OAuth Support #150

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marcusmateus opened this Issue Jul 19, 2012 · 16 comments

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Since github removed support for API keys there is now no way to login to iOctocat unless I enter my password. While I'm sure there aren't any shenanigans in the code I would rather not enter my password... that's what API keys / OAuth is for.

For now iOctocat will sit on my iPad unused :(.

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dennisreimann commented Jul 19, 2012

Hey Marcus, thanks for your feedback. I'll take a look at that again - the last time I looked at OAuth not all API actions where supported if the authentication was made by OAuth, but that might have changed.

Dennis, thanks for the quick response. I would hope github did not remove api key support w/o appropriate support via OAuth, but it would not be the first time a company made decisions I found frustrating :). Keep us posted.

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dennisreimann commented Jul 19, 2012

Okay, looks good. I'll see what I can do, but don't expect it to happen within the next few weeks ;)

Completely understand. I'm just glad to hear you are going to take a close look at implementing OAuth support.

gaelian commented Jul 25, 2012

@dennisreimann +1 here for not having to enter a password.

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dennisreimann commented Jul 25, 2012

You would have to enter it one way or another, because you'd have to provide the password at least once to do the authentication so that iOctocat can get the token.

gaelian commented Jul 25, 2012

I haven't really looked into OAuth thus far, so I'll take your word for it. Unfortunate, but if that's the way it has to be, then that's the way it has to be I guess.

@dennisreimann Not giving out your password is kind of the whole point of OAuth. It allows you to exchange tokens instead that provide limited & revokable access to 3rd party apps. You can look to iGist as an example.

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dennisreimann commented Jul 26, 2012

@marcusmateus Basically you are right, but for the GitHub API you have to provide your username/password at least once, to authenticate and fetch the access token.

Here is the excerpt from the Non-Web Application Flow description:

Use basic authentication to create an OAuth2 token using the interface below.
With this technique, a username and password need not be stored permanently,
and the user can revoke access at any time. [...]
There is an API for users to manage their own tokens. You can only access your
own tokens, and only through Basic Authentication.

Maybe I'm just getting this wrong, but to me it looks like you'd have to provide username and password at least once, so that iOctocat can go through the OAuth flow and create/obtain an access token on your behalf.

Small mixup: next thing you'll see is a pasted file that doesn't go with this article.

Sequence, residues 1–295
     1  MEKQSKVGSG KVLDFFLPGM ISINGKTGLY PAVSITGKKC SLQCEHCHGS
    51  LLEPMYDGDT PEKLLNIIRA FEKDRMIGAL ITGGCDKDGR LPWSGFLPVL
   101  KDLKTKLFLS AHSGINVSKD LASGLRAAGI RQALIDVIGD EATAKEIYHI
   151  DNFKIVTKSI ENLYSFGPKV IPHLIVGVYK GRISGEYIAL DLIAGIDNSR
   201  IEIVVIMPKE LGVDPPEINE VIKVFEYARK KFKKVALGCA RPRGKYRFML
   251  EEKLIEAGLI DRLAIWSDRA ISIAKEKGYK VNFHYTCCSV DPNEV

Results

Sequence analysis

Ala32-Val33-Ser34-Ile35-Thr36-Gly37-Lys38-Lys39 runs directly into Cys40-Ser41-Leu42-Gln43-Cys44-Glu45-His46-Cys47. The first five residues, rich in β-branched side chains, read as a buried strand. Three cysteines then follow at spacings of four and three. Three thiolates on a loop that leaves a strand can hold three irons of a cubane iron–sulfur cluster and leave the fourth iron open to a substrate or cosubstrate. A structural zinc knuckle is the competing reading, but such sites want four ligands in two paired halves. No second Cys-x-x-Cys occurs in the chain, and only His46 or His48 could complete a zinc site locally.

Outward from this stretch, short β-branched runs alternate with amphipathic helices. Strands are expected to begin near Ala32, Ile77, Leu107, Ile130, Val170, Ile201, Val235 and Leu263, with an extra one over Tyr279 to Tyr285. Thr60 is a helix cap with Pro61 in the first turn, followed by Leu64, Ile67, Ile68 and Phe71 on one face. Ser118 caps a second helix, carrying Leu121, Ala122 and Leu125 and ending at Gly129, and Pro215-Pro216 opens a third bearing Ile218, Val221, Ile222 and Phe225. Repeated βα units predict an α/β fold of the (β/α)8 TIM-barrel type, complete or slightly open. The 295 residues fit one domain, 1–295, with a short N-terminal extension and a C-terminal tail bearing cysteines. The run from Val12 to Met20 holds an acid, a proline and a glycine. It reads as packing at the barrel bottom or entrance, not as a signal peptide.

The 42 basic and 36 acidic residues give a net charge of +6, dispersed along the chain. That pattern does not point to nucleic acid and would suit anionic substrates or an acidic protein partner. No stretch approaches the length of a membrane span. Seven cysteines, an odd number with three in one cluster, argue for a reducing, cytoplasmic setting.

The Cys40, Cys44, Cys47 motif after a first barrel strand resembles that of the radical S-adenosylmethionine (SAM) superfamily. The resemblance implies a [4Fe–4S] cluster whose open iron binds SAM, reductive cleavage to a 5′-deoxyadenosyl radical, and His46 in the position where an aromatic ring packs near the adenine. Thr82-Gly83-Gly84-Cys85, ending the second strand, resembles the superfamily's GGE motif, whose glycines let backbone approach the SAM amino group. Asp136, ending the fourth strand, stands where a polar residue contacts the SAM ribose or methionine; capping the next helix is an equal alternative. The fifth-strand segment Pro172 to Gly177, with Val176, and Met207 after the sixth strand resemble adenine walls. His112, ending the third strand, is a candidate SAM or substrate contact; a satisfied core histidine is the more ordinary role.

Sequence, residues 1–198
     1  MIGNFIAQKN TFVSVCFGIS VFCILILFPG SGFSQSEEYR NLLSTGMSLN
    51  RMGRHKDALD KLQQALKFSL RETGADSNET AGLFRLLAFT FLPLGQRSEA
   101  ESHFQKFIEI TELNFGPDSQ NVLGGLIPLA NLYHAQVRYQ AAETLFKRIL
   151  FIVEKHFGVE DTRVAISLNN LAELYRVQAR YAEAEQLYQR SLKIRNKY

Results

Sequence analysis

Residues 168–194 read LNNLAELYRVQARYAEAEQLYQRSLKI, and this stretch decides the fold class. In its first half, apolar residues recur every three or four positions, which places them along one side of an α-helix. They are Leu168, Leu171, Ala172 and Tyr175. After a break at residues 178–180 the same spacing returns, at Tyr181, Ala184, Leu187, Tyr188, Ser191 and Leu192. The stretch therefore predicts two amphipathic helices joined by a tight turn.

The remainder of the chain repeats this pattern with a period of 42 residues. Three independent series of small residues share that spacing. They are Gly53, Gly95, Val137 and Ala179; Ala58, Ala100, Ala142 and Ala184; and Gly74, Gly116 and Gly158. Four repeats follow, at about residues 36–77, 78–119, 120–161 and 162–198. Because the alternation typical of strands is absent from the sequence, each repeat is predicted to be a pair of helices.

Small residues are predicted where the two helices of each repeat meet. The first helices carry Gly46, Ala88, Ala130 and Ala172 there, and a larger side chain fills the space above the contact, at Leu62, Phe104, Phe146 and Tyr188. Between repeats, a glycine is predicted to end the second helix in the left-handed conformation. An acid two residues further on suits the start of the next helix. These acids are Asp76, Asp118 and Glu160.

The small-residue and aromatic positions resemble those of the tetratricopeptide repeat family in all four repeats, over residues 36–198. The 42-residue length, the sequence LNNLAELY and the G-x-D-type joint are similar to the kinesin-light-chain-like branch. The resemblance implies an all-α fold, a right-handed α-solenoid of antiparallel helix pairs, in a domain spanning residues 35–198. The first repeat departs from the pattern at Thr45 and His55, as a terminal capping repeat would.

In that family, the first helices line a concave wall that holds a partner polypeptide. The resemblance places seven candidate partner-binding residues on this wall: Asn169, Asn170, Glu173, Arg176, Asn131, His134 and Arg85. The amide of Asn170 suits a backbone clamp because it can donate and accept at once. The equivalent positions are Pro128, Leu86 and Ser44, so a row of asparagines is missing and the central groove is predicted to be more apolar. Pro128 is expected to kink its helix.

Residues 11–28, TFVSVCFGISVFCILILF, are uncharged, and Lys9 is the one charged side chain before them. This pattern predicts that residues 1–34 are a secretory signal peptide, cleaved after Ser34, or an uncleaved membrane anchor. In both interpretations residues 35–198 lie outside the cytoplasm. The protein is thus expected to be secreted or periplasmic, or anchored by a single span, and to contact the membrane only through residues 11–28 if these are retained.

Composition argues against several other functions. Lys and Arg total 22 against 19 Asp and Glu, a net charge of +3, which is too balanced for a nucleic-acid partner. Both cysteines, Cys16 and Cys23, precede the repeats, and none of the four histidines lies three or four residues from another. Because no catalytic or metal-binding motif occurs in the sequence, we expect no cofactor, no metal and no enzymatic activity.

I'm assuming you're talking about creating an application token for github:
https://github.com/settings/applications/new

In which case, yes, you have to enter your user/pass at least once. You can, however, use a web login in the app and scrape the token in the response. In which case, if you're already logged in to github, you won't have to relogin, you just get the response token.

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dennisreimann commented Dec 10, 2012

To give you an update on OAuth: I implemented it on a branch and it is finished for github.com and I'm currently investigating how to make this work with Enterprise installations.

Woohoo! Looking forward to finally using iOctocat with my repos :) Thanks.

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dennisreimann commented Dec 10, 2012

Does that mean you did not use it until now?

btw I had to implement it like this: The authentication form stays the same. You will still have to enter the password, but the password does not get stored, but is just used to retrieve the OAuth access token. I could not do it via the webflow, because it also has to work for Enterprise installations.

Nope, haven't used it... but want to. Hmm, does it not work for Enterprise because the callback url has to change? I have seen a number of other iOS apps do oauth via opening a Safari window... I can't recall if any were designed for behind the firewall use though.

@dennisreimann Just FYI, this doesn't address the root security issue from my perspective. Perhaps there just isn't a way though.

Owner

dennisreimann commented Dec 10, 2012

I talked to the people at GitHub and it turns out that we have to use the Authorizations API to also make it work with Enterprise installations.

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